Bruce "Tog" Tognazzini.               

Ask Tog, December, 1998

Christmas Goose

This isn't so much a recipe as it is a suggestion. Somehow in the USA, we've become fixated on the turkey as not only the bird of choice for Thanksgiving, which at least has some historical precedence, but as the bird of choice for Christmas.

We know for a fact that there weren't a lot of turkeys floating (or walking) around Bethlehem 2000 years ago. Nor were there a lot floating around Europe, where the Christmas tradition began. Our turkey tradition in the USA only goes back as far as the founding of the National Turkey Growers Association, "dedicated to the preservation and promulgation of dry, tasteless fowl for the masses."

This year, why not join a real tradition, and cook up that succulent bird enjoyed by Scrooge after his triple-conversion, namely a fine Christmas goose?

Geese are not difficult to cook. Just pierce them with around a million holes to let the goose grease out, then cook them in a 350 degree oven for 15 minutes per pound. Not ony will you get a wonderful taste treat out of it, but you won't have to buy lamp oil for at least a month.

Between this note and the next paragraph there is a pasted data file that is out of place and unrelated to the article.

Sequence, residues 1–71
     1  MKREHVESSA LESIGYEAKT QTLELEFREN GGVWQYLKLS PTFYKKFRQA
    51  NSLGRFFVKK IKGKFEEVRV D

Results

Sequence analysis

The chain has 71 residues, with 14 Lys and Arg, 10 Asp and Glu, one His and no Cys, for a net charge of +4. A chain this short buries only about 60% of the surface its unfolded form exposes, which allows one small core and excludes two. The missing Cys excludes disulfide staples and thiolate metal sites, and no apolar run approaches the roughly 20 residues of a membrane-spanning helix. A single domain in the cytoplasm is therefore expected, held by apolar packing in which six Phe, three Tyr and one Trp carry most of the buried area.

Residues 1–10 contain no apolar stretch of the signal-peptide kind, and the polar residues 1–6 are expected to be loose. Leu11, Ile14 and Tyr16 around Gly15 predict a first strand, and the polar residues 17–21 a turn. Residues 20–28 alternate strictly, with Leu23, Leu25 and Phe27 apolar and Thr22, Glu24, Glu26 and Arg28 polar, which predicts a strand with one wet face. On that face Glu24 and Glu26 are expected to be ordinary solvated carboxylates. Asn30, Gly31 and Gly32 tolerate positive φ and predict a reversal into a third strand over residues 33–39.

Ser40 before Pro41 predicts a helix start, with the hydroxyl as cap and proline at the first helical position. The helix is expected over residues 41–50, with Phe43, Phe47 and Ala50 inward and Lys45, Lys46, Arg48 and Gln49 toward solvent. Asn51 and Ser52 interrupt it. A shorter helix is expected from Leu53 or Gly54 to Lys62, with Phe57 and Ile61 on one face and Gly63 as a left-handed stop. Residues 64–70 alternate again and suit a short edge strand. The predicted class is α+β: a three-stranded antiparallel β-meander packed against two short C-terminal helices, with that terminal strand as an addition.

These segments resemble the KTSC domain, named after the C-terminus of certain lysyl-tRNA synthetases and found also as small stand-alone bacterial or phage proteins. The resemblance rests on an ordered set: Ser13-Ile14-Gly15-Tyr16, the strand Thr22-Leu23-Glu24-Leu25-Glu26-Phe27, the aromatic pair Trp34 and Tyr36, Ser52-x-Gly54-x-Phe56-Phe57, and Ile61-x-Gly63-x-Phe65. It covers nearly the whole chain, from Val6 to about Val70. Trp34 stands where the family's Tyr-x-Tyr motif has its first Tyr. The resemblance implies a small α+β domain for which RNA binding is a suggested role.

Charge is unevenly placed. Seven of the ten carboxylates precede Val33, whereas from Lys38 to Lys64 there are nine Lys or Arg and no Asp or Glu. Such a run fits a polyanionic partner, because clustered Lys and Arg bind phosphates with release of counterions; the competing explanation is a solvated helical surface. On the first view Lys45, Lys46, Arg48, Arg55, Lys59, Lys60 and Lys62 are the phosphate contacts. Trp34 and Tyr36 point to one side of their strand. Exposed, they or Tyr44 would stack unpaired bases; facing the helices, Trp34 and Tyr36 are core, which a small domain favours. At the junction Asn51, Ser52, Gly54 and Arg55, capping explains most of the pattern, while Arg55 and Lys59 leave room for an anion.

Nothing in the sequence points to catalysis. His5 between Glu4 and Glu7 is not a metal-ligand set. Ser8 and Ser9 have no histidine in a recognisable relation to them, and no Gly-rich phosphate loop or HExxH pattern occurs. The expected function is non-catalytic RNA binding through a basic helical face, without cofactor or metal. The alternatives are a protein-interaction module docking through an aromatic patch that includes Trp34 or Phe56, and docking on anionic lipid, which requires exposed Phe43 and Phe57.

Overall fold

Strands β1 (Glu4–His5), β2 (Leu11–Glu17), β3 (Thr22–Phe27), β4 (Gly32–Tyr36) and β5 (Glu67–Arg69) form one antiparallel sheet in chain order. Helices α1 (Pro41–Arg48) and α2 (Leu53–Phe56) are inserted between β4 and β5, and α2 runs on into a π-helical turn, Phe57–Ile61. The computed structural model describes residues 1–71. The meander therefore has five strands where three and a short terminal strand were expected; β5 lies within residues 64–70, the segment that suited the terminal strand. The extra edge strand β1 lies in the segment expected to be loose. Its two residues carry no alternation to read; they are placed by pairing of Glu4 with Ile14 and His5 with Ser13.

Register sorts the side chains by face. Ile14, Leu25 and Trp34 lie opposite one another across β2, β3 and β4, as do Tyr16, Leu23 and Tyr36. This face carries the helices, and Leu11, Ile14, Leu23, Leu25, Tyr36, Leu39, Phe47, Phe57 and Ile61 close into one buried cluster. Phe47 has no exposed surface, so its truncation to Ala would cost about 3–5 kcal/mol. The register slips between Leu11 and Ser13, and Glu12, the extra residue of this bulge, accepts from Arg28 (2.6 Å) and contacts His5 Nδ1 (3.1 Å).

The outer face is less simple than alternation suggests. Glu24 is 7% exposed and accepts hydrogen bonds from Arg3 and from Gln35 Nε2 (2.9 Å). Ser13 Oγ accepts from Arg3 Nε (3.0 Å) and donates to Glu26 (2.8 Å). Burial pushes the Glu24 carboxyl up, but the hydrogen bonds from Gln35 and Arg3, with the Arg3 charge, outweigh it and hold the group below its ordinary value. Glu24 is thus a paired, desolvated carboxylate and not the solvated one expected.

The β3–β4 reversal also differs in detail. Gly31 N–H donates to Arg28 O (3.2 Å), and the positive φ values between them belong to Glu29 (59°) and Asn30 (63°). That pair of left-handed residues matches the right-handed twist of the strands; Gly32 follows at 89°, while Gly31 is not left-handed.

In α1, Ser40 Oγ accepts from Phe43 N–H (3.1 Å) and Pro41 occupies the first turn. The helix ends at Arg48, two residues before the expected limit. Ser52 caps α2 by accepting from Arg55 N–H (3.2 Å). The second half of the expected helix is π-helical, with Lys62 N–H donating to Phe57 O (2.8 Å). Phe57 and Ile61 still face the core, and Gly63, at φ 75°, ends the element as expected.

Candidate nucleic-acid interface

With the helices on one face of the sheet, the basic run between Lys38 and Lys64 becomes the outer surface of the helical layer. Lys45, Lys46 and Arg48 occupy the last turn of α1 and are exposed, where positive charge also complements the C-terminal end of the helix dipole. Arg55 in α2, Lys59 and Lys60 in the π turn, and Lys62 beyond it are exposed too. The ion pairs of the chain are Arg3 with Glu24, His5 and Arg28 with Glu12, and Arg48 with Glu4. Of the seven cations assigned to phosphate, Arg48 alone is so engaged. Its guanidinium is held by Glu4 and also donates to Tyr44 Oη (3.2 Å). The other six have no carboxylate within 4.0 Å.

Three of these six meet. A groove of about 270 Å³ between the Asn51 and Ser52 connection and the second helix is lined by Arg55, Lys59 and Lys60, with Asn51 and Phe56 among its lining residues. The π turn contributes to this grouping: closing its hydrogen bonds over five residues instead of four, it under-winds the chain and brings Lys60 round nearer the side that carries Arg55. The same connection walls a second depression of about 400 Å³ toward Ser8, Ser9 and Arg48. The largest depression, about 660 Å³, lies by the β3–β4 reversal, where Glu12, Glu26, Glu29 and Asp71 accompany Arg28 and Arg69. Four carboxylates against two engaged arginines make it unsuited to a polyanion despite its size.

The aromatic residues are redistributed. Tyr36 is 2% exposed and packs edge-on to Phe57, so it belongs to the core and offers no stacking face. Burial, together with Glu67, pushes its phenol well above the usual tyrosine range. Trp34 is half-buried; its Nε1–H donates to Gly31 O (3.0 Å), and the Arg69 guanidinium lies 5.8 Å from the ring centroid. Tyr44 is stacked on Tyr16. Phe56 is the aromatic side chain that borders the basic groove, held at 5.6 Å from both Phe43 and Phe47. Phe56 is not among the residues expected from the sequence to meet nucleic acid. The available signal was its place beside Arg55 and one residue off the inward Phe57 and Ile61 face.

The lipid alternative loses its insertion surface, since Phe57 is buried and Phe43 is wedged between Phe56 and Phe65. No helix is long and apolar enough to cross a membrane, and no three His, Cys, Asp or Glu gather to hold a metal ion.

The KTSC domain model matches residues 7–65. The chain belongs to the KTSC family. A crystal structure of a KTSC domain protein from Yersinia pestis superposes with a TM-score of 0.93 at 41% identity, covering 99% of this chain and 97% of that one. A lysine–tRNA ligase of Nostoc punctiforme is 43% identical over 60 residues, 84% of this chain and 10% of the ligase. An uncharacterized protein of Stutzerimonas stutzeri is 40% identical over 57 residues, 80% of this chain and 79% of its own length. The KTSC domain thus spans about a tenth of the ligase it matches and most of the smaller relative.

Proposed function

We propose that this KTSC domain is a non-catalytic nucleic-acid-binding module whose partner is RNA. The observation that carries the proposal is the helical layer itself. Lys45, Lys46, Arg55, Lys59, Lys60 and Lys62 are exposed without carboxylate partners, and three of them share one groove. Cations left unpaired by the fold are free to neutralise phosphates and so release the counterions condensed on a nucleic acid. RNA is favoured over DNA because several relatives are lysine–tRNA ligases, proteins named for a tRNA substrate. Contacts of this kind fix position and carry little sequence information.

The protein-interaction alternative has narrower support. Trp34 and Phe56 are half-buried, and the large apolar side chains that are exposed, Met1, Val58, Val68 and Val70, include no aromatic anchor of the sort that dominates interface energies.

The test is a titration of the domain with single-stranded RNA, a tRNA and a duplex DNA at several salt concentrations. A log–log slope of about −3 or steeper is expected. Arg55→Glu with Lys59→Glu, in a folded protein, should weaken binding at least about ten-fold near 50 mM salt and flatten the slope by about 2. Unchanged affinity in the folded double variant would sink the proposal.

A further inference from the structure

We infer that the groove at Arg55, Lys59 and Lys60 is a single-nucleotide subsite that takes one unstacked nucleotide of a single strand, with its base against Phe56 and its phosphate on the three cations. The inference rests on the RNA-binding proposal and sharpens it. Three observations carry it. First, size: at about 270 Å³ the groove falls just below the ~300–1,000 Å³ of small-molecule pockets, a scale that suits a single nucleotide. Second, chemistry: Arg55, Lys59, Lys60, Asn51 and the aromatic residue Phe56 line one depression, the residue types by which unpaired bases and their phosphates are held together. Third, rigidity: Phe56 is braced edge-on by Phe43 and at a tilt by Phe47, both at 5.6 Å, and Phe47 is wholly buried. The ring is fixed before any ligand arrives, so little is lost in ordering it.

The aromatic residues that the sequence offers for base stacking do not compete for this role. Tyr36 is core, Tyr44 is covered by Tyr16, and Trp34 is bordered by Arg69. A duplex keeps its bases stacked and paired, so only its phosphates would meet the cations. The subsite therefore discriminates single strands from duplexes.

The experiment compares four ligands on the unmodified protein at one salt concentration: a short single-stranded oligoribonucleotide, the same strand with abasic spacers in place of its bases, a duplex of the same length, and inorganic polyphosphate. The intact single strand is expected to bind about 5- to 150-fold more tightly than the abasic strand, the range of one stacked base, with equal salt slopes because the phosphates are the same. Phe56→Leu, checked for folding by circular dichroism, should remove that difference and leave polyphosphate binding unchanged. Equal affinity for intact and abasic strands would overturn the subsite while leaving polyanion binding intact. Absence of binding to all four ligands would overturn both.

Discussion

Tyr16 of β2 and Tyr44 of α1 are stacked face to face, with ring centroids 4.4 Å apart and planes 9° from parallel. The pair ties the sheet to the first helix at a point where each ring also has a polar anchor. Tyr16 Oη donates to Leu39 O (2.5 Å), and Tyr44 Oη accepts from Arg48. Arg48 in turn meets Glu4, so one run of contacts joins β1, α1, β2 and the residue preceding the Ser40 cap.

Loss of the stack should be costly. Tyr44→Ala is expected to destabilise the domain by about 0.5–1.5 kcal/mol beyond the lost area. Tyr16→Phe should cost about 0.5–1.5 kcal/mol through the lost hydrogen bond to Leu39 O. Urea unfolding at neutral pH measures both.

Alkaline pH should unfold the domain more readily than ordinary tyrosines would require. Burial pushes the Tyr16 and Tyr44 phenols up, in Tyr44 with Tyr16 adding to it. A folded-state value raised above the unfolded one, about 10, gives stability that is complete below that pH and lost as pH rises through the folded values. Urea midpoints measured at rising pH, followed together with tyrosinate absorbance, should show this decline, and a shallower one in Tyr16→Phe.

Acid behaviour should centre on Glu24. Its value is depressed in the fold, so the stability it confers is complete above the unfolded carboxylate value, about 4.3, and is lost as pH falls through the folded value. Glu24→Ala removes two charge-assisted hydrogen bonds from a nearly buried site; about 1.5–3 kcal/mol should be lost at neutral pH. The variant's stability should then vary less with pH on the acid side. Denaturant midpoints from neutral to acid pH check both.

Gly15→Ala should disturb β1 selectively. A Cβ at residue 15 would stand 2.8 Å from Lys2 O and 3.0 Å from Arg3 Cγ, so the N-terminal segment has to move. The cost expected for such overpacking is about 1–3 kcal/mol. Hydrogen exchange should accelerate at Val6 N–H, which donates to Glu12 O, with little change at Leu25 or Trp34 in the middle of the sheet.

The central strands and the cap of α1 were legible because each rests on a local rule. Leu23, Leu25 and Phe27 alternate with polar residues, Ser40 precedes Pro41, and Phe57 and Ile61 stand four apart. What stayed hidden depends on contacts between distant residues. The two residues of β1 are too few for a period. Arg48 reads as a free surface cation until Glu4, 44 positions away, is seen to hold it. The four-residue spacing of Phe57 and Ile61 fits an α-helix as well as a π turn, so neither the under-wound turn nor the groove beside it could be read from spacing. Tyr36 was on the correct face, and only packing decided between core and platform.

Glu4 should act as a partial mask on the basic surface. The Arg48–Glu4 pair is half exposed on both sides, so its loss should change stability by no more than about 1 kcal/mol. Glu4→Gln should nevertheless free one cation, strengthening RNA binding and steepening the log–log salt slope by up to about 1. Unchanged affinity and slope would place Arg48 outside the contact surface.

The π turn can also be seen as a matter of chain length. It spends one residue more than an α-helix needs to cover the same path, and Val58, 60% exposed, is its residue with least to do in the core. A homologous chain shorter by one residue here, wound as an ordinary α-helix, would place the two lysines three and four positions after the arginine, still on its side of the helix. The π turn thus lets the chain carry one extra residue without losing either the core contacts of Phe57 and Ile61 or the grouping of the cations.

I prefer to start out with a 500 degree oven for the first 15 minutes, to really render the bird and get a nice, crusty skin. If you do this, chop around 10 minutes off the total cooking time.

Consult your favorite cookbook for particulars, and cook the stuffing separately, so it doesn't absorb the fat. This also allows you to stuff the cavity with a variety of objects found around the house, such as onions, celery, apples, oranges, and the occasion toy. (Hey, Mom, Susie hid my baseball!)

Goose has a discernable flavor, as opposed to turkey, but it is not gamy or overwhelming. Properly cooked, it ends up lean. Kids will eat it and ask for more.

Give it a try, even if it is a little scary to break tradition. And remember, you only have to break it once: Next year, you'll be serving what has now become your traditional Christmas goose.

And a reader response:

Dear Tog,

I fully support your campaign for goose at Christmas. Just a couple of minor amendments/suggestions:

Put the goose on a trivet or a rack. This drains off the fat better and gives a leaner result. Goose has so much fat that if you keep it basted it is in no danger of drying out. If you get an older goose there is a much higher ratio of meat to bone. You can go to about 12-14 pounds and still have it young enough to be tender and tasty.

I was appalled by your implied suggestion that goose fat should be used as lamp oil. Apart from its highly saturated artery hardening properties, goose fat cooks things like nothing else on earth. My favourite day-after-Christmas breakfast is a grilled slab of ham and eggs fried in goose fat.

Chris Barrett

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